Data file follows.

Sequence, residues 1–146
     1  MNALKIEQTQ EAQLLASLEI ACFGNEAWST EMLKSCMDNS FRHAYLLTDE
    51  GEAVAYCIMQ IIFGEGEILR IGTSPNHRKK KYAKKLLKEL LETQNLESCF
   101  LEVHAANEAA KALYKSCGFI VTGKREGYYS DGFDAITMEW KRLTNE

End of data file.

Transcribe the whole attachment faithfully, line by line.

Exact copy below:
Sequence, residues 1–146
     1  MNALKIEQTQ EAQLLASLEI ACFGNEAWST EMLKSCMDNS FRHAYLLTDE
    51  GEAVAYCIMQ IIFGEGEILR IGTSPNHRKK KYAKKLLKEL LETQNLESCF
   101  LEVHAANEAA KALYKSCGFI VTGKREGYYS DGFDAITMEW KRLTNE